Candidates share opinions on Native contracts

Elizabeth Bluemink

Some of the most intense scrutiny of Alaska Native firms' participation in federal contracting has been in Congress.

U.S. Sen. Claire McCaskill, D-Mo., who runs a federal contracting oversight subcommittee, opposes the legal provision that allows Alaska Native and tribally owned firms to obtain federal contracts of any size without bidding. She has said repeatedly that she will seek reforms. The Daily News asked this year's Alaska candidates for U.S. House and Senate to share their opinions about Native contracting. All of the candidates except U.S. Senate candidate Joe Miller responded.

The candidates were all asked the same questions:

• Are you in favor of the Small Business Administration's 8(a) program and its provisions that allow Alaska Native and tribally owned companies to obtain contracts of any size without bidding?

• What do you think of the 8(a) reform package from CIRI, Doyon and Arctic Slope?

• Do you support the continued ability of Native corporations to obtain federal contracts designated for companies which are deemed disadvantaged?

Their responses are below, edited for length:



I support the 8(a) program and believe it is an important economic development tool for Alaska Native corporations. This program has enabled (them) to diversify their economic portfolios and provide stable income for their corporations, especially at a time of diminishing opportunities on Native-owned land.

I am interested in learning more about the three firms' proposal. I have met with many Alaska Native corporations and understand there is a larger dialogue happening in the Native community. This proposal is just one part of that dialogue and I believe that any changes should have a thorough vetting from all participants in the program.

This is one of the most successful economic development tools for Alaska Natives and should be protected.


Did not respond.


I support the 8(a) program and the Native American enhancements to the program, provided that the government pays a fair price for the goods or services it procures noncompetitively, the 8(a) participant performs the contract effectively, delivers the government what is promised, and the profits generated from a contract provide meaningful benefits to the socially and economically disadvantaged community.

The three CEOs have stepped forward to provide a vision for reform, and their proposal will certainly be part of the discussion. Improving the integrity and accountability of the program is necessary to ensure the long-term success of the program.

I am concerned about reports that some Native corporation 8(a) entities are not in compliance with applicable federal regulations. I also think that Alaska Native corporations bear the burden of demonstrating to Congress that these contracts provide meaningful benefits to Native corporation shareholders.

Federal agencies consistently tell us that they do get good value and strong performance from Indian 8(a) contractors, including Alaska Native corporations. Perhaps a cap on noncompetitive contracts, which still allows 8(a)s to compete with each other, would improve Congress' confidence in the program. I think that's what the three CEOs are driving at.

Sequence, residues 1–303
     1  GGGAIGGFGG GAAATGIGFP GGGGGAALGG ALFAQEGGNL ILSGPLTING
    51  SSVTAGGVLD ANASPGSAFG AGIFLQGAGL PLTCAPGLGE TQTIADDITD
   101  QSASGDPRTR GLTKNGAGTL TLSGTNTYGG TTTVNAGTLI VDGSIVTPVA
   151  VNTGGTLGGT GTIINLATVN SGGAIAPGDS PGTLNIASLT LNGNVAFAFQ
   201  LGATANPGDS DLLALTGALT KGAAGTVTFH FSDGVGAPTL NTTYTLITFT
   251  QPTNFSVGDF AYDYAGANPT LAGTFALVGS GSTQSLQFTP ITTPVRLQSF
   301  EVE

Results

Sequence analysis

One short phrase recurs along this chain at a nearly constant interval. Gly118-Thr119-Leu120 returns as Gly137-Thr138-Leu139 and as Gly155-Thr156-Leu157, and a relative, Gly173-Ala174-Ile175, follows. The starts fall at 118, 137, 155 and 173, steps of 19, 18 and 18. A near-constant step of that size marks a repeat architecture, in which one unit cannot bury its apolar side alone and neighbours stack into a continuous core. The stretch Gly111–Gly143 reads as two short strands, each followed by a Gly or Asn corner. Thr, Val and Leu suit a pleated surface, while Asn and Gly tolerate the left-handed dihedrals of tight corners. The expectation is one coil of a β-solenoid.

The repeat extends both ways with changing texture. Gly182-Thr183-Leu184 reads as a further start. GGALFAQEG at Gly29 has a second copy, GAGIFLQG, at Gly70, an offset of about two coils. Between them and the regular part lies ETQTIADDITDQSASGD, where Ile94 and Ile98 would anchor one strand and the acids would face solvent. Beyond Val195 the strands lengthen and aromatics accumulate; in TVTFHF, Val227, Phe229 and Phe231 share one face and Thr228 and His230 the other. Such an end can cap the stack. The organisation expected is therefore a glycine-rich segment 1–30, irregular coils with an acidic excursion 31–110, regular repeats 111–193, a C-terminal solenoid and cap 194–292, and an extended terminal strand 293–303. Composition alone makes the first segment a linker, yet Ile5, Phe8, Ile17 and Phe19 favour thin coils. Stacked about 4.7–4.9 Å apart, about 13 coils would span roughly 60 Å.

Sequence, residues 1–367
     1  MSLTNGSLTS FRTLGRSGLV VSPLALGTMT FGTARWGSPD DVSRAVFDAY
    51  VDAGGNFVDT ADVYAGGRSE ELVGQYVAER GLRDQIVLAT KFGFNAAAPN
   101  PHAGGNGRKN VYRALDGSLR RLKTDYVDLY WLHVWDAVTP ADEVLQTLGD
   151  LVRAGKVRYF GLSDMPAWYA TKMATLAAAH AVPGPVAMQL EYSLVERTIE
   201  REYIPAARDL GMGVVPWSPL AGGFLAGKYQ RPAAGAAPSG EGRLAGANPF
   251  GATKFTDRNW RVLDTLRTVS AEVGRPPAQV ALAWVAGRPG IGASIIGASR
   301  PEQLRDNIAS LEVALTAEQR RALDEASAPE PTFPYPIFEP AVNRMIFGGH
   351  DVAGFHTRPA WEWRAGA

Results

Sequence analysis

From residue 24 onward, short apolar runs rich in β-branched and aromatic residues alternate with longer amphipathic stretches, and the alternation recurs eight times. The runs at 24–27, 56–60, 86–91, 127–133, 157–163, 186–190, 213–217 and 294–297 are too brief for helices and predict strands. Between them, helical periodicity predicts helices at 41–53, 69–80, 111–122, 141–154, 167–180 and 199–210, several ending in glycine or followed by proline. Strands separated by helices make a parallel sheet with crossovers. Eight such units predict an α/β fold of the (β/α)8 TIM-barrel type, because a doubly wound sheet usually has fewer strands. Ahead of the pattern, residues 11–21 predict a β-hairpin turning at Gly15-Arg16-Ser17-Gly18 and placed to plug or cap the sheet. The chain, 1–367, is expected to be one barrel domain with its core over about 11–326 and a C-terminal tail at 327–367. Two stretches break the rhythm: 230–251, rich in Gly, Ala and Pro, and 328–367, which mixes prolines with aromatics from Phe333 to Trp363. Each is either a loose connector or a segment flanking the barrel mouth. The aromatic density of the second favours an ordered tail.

Ted Stevens saw a problem and devised a solution ... to help the newcomers break into the business world so that they could stand independently and profitably on their own. The 8(a) program has been fairly successful but its work is not done yet.

The CEOs have proposed modifications and I believe that they are on the right track. I supported the program and believe that with modifications it should continue. I would like to know more about other aspects of modifications beyond the cap and no-bid provisions.

I would like to hear a review on an ongoing basis how the corporations are doing and their ability to compete in the marketplace without the advantages. I expect that at some point they will make that transition, but I want to be sure that we don't pull the rug out from under them prematurely.


The congressman supports SBA's 8(a) program and its no-cap, sole-source contracts for Alaska Native corporations. ANCs provide economic development for communities in Alaska and benefits for shareholders, which are among the poorest in the nation. Critics of the program say ANCs shouldn't receive no-bid contracts or should have a cap. ANCs should not be compared to individually owned, disadvantaged small businesses, as ANCs represent thousands of disadvantaged minorities. Sole-source contracts are needed, especially by the military, to get projects completed quickly. (Recently) it was announced that Boeing received a sole-source contract at almost $12 billion. Why are ANCs continually singled out while defense contracting giants escape scrutiny? Congressman Young will support whatever the village and regional ANCs collectively decide to do. Where reforms are needed, the SBA has been undergoing a rule-making process for a year. We should allow that process to play out.